Sorry I’m Late, I Didn’t Want to Come


Ever thought of doing improv? Or how about just talking to random strangers on a bus or train while wearing a button that reads, I talk to strangers. Last but now least… ever try Bubble BFF in order to try and make friends as an adult. 

Jessica Pan, the author of Sorry I’m Late: I Didn’t Want to Come did all of these things and then some over the course of one year in order to prove to herself that introverts can actually do these things that are terrifying to us.

I found SILIDWTC to be a good mixture of Susan Cain’s Quiet:The Power of Introverts in a World That Won’t Stop Talking and Shonda Rhimes’ Year of Yes. According to Goodreads I read Quiet five years ago. I remember that was the first book that introduced me to the term introvert. The book really was an ah ha moment for me. It reminded me that it was okay to need the time away from people to recharge. And that I am not being anti-social or shy; there are definitely differences in their definitions. Year of Yes I read three years ago and it was about how Ms Rhimes has the tendency to say NO to a lot of things because she is a successful working mother so for a year, she said YES to everything – like going on a late night television program which I guess in the past she would have said no to.

Jessica Pan, an introvert, made a promise with herself to extrovert for a year. She even made a list, where she came up with these list of things I am not sure but her list included: improv, vacation alone and talking to strangers. All of which sound God awful to me (except vacationing alone – that sounds amazing) but she made a promise to herself and kept it. You go girl.

I don’t like talking to people I actually know, I can’t imagine talking to a complete stranger. Even though since reading this book I am trying to do better. The other day when I was leaving the gym after a taking a new class a woman started talking to me about the class and I was actually talking to her about the class. It felt good. I’m still a fan of headphones while grocery shopping but won’t actually hurt to talk to a complete stranger, just uncomfortable.

Bubble BFF, anyone? For those of you unfamiliar, like I was it – it is Tinder, but for friendship. And it is harder to make friend dates than it is romantic dates. Glad I am not the only one who thought that. Just like I have always thought it hurt more to lose a friendship then a romantic partner.

As you get older and outgrow your old friends, you have to actively go out and find your people.

Improv. Am I the only one who connects improv with stand-up comedians and want to be actors. While I am sure that is a big part of it what improv is, Pan says that improv is the adult form of play. She also says that comedy is a cure for shyness. Which I get, a few years ago when I was doing booktube I found that to be helpful in finding my voice. I really stopped being afraid to speak while I was doing that. So I get it. Pan also talked about how her improv routine was at times debilitating; it reminded me of when I had to interview for a new position at my office. It had been almost 13 years since I had to interview, and a panel interview at that – I have no idea what happened in that interview. Pan talked about how she walked off stage not knowing what the hell happened at times. But she did the hard thing even though she was terrified. And I have to gather that is kind of the point. It is hard for us to put ourselves out there but we are totally capable of doing it. It just takes a little more work for us.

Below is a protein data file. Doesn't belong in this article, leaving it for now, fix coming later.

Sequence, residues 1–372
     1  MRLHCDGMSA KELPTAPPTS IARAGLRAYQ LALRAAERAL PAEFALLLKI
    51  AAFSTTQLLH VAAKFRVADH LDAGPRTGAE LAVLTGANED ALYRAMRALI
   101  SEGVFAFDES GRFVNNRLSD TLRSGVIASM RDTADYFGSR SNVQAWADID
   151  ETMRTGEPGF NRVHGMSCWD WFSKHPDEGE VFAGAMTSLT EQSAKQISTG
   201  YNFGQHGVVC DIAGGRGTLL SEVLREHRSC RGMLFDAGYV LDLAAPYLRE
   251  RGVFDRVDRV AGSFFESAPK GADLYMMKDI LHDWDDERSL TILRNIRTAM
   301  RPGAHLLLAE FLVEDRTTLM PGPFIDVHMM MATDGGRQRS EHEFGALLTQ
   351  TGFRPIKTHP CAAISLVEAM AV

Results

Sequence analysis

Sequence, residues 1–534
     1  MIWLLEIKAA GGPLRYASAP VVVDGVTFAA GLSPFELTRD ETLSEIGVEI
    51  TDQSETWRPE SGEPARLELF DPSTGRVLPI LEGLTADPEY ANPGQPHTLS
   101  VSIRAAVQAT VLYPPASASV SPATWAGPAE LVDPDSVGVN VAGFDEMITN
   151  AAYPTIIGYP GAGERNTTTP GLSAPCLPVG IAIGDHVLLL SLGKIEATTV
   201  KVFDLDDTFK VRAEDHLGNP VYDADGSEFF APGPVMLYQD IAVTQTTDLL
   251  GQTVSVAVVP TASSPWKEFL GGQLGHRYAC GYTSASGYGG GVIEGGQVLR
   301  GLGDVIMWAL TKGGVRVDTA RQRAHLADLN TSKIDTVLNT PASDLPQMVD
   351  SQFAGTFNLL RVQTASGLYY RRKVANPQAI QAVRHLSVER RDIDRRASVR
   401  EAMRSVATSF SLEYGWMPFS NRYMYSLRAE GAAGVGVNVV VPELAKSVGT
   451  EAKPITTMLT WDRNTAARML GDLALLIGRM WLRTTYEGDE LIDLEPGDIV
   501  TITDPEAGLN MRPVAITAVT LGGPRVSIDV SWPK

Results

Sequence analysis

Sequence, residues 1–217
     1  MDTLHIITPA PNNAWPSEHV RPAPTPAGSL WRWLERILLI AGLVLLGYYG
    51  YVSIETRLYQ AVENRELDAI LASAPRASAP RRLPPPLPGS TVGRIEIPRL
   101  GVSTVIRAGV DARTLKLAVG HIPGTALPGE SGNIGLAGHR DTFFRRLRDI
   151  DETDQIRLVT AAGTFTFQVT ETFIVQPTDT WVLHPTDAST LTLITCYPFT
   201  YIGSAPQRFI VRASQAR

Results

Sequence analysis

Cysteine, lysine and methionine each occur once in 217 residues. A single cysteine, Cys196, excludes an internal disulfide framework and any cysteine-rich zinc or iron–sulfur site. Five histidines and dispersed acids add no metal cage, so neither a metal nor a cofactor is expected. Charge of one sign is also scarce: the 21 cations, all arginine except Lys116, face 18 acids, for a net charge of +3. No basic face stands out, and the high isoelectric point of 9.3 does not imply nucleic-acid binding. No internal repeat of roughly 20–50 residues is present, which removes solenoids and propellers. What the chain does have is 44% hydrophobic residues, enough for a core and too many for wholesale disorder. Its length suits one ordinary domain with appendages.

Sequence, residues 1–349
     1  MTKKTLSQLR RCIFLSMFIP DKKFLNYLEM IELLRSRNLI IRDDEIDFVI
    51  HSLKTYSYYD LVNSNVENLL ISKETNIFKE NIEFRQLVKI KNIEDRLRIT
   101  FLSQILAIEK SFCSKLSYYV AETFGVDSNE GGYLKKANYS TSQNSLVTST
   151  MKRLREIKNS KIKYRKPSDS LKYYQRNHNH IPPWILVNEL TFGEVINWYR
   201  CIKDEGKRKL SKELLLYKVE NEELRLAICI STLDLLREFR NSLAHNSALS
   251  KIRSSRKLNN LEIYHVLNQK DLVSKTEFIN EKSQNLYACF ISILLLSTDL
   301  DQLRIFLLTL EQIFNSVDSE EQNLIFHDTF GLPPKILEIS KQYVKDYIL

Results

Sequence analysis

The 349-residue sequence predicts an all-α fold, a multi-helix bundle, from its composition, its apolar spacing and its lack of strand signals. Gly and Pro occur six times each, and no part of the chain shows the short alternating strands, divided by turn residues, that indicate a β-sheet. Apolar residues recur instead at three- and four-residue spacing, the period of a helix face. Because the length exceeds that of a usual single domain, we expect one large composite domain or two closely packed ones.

It is invigorating doing something that everyone else is afraid to.

Think about it. Introvert, or extrovert, would you not only take an improv class but participate in a stand-up routine. While a lot of the world seems to be okay with talking to strangers, how many would go into the woods and take psychedelic mushrooms with some women you met on a friendship app? How about inviting ten people to your house that don’t know each other over for a dinner party? The thought alone of hosting a dinner party scares me, let alone having ten people in my house who only common denominator is me.

A disagreeable introvert is not necessarily constrained to a life of unhappiness.

Brian R Little

The point is… we all have the ability and sometimes the need to act “out of character” for ourselves. That concept is called “free traits”. Acting contrary to our natural disposition. When we need to act as an outgoing, confident person, we can be. We can only be and do these things when we absolutely have to be. If I answer the phone at work and there is a hysterical person on the other end and they have a knife on them. Without a thought I can speak in my big girl voice and tell them to put the knife down and wait outside for the officers. But I have yet to make it to one of my library book club meetings because honestly… (which is weird because I have made it a full blown hobby to talk to strangers on the internet about books)

This is how life is; we nearly die and ten minutes later we’re throwing a fit about a speeding ticket we got on the way back from the hospital.

My takeaway from this whole book was the bear analogy that Pan made: If everyone says don’t go in the room because there’s a bear and you say, it’s fine – I got this. There is power to that. Even when the bear mauls your leg and you’re bleeding at least you faced the magnificent fucker. Some people never see the bear. Some people never make it into the room.

With that, Jessica Pan, I tip my hat to you. You saw the bear and entered the room anyway.


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